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Identification of genetic markers with synergistic survival effect in cancer.

Louhimo R, Laakso M, Heikkinen T, Laitinen S, Manninen P, Rogojin V, Miettinen M, Blomqvist C, Liu J, Nevanlinna H, Hautaniemi S - BMC Syst Biol (2013)

Bottom Line: The identification of synergetic functioning SNPs on genome-scale is a computationally daunting task and requires advanced algorithms.We introduce a novel algorithm, Geninter, to identify SNPs that have synergetic effect on survival of cancer patients.Our results show that Geninter outperforms the logrank test and is able to identify SNP-pairs with synergetic impact on survival.

View Article: PubMed Central - HTML - PubMed

ABSTRACT

Background: Cancers are complex diseases arising from accumulated genetic mutations that disrupt intracellular signaling networks. While several predisposing genetic mutations have been found, these individual mutations account only for a small fraction of cancer incidence and mortality. With large-scale measurement technologies, such as single nucleotide polymorphism (SNP) microarrays, it is now possible to identify combinatorial effects that have significant impact on cancer patient survival.

Results: The identification of synergetic functioning SNPs on genome-scale is a computationally daunting task and requires advanced algorithms. We introduce a novel algorithm, Geninter, to identify SNPs that have synergetic effect on survival of cancer patients. Using a large breast cancer cohort we generate a simulator that allows assessing reliability and accuracy of Geninter and logrank test, which is a standard statistical method to integrate genetic and survival data.

Conclusions: Our results show that Geninter outperforms the logrank test and is able to identify SNP-pairs with synergetic impact on survival.

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Related in: MedlinePlus

The outline of the Geninter analysis workflow. First, an attribute matrix containing genotypes and a matrix of survival times are given as an input to Geninter. The analysis is divided into three steps. The results (sorted list of SNP-pairs) can then be 12 annotated, for instance, using the Ensembl database and filtered to exclude markers that are in linkage disequilibrium (LD). The output contains the marker pairs, their ranks and p-values.
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Figure 1: The outline of the Geninter analysis workflow. First, an attribute matrix containing genotypes and a matrix of survival times are given as an input to Geninter. The analysis is divided into three steps. The results (sorted list of SNP-pairs) can then be 12 annotated, for instance, using the Ensembl database and filtered to exclude markers that are in linkage disequilibrium (LD). The output contains the marker pairs, their ranks and p-values.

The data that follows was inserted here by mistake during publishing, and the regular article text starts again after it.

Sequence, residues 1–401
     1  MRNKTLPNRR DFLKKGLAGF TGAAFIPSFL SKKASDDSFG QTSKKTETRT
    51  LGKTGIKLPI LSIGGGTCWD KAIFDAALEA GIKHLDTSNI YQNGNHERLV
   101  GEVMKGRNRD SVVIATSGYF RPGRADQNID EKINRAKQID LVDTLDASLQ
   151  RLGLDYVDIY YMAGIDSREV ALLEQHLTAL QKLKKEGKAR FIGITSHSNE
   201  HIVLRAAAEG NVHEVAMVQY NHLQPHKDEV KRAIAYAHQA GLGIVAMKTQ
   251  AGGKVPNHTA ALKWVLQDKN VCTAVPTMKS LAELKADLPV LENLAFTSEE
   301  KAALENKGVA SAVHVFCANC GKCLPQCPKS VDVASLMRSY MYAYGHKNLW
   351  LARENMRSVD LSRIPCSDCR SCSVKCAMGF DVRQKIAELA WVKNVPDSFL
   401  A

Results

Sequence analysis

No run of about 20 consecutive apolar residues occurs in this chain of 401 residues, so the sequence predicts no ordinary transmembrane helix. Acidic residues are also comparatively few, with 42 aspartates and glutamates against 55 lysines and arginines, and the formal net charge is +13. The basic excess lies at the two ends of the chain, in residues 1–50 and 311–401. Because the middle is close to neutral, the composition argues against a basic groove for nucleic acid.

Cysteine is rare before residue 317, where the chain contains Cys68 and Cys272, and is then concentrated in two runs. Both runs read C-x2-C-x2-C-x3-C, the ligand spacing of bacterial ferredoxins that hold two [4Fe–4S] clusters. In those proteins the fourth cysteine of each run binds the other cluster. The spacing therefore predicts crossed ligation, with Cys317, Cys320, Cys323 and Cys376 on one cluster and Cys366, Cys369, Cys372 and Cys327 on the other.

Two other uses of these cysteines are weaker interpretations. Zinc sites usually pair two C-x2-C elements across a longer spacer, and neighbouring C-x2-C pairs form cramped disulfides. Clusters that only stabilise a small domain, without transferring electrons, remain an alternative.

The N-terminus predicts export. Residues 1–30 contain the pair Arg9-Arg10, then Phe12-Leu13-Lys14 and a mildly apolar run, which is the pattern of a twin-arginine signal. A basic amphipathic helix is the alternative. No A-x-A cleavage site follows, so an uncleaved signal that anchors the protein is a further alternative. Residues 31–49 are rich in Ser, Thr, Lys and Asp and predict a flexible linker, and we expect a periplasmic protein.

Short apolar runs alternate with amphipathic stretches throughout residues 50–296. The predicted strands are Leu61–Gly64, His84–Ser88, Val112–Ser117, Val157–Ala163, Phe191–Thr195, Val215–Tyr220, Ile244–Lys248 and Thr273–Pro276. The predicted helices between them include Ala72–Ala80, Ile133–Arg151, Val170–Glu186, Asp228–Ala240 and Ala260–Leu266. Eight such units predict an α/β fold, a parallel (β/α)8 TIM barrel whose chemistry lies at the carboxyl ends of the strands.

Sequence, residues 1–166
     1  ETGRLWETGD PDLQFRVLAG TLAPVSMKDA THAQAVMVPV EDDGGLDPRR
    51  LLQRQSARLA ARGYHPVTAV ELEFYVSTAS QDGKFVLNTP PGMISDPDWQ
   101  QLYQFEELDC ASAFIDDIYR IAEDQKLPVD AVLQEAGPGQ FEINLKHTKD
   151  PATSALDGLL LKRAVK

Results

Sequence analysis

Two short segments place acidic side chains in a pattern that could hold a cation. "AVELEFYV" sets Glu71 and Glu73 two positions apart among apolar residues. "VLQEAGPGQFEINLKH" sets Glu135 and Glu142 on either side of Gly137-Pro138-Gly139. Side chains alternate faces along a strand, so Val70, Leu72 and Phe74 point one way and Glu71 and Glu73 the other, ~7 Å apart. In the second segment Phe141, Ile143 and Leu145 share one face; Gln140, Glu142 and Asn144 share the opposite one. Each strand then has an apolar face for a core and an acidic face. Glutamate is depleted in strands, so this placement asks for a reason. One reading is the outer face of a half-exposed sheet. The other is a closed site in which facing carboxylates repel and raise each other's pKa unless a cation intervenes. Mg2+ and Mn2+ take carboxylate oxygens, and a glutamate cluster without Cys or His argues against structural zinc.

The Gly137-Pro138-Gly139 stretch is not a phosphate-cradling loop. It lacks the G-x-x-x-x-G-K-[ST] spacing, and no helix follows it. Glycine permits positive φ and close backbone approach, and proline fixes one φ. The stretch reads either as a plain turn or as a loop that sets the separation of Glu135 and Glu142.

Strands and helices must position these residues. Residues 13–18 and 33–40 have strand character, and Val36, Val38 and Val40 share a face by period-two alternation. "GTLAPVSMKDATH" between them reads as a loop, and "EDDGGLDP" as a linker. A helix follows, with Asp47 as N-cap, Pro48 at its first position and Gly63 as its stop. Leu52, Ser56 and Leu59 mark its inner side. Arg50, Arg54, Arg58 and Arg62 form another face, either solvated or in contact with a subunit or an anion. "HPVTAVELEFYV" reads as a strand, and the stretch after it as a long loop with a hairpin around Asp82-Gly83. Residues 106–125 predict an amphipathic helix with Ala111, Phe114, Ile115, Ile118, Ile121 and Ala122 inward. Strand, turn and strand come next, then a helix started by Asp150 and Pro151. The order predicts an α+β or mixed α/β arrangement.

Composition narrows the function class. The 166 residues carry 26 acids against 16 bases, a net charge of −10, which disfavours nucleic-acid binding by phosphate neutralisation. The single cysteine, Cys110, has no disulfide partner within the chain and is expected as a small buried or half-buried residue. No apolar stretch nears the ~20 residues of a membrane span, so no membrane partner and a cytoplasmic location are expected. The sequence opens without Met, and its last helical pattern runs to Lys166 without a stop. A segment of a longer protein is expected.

Mentions: Genome-wide analysis of pair-wise SNPs brings forward two major challenges. First, the combination of multiple marker genotypes increases the number of groups in the survival analysis. The major consequences of the increased number of groups are that (i) the number of samples should be relatively high in order to ensure stable estimates in the subgroups, and (ii) the increase in the number of survival curves leads to more intersections of the curves, which renders the logrank statistic less reliable [13]. This issue is exacerbated by the tendency of the logrank test to overestimate large cohorts to have significant survival differences even when the difference is only slight. Second, SNP microarrays produce states for hundreds of thousands or millions of markers making evaluation of all the pairs computationally intensive [11]. Geninter addresses the computational challenges with optimized code and distributed programming. The overall outline of Geninter is given in Figure 1. Here we provide details on how each step in Geninter is executed. First, an attribute matrix containing genotypes and a matrix of survival times are given as an input to Geninter. The analysis is divided into three steps: (1) determining the distance matrix based on the genotype combination specific Kaplan-Meier curves; (2) using hierarchical clustering to determine the underlying relative structure of the curves; and (3) computing the rank. If the rank of a SNP-pair exceeds a chosen threshold, the pair is considered as a putative survival affecting combination and stored. The user can define the threshold parameter based on the number of SNP-pairs or p-value cutoff. We have implemented Geninter so that it can be run as an individual program but also on Anduril bioinformatics workflow engine that allows advanced processing of the Geninter results, such as automated annotation (e.g., linkage disequilibrium (LD) mapping) from bio-databases [14].